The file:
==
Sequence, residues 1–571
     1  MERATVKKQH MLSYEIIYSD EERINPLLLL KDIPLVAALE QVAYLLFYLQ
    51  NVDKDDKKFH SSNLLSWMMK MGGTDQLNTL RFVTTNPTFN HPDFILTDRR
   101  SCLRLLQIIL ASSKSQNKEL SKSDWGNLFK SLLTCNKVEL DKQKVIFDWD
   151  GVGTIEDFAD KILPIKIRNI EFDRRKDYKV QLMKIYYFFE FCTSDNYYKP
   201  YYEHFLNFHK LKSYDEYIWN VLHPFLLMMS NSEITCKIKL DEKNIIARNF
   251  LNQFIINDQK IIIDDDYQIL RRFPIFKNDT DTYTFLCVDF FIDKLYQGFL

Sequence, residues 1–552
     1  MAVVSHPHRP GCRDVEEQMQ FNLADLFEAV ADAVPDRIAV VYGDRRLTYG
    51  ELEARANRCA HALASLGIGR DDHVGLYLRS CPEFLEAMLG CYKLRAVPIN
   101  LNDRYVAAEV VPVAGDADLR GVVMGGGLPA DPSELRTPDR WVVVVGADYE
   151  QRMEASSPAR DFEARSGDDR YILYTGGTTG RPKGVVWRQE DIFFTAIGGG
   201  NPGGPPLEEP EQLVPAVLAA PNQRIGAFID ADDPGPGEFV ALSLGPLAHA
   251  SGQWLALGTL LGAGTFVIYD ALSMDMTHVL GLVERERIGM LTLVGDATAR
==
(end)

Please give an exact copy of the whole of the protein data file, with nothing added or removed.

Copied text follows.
Sequence, residues 1–571
     1  MERATVKKQH MLSYEIIYSD EERINPLLLL KDIPLVAALE QVAYLLFYLQ
    51  NVDKDDKKFH SSNLLSWMMK MGGTDQLNTL RFVTTNPTFN HPDFILTDRR
   101  SCLRLLQIIL ASSKSQNKEL SKSDWGNLFK SLLTCNKVEL DKQKVIFDWD
   151  GVGTIEDFAD KILPIKIRNI EFDRRKDYKV QLMKIYYFFE FCTSDNYYKP
   201  YYEHFLNFHK LKSYDEYIWN VLHPFLLMMS NSEITCKIKL DEKNIIARNF
   251  LNQFIINDQK IIIDDDYQIL RRFPIFKNDT DTYTFLCVDF FIDKLYQGFL

Sequence, residues 1–552
     1  MAVVSHPHRP GCRDVEEQMQ FNLADLFEAV ADAVPDRIAV VYGDRRLTYG
    51  ELEARANRCA HALASLGIGR DDHVGLYLRS CPEFLEAMLG CYKLRAVPIN
   101  LNDRYVAAEV VPVAGDADLR GVVMGGGLPA DPSELRTPDR WVVVVGADYE
   151  QRMEASSPAR DFEARSGDDR YILYTGGTTG RPKGVVWRQE DIFFTAIGGG
   201  NPGGPPLEEP EQLVPAVLAA PNQRIGAFID ADDPGPGEFV ALSLGPLAHA
   251  SGQWLALGTL LGAGTFVIYD ALSMDMTHVL GLVERERIGM LTLVGDATAR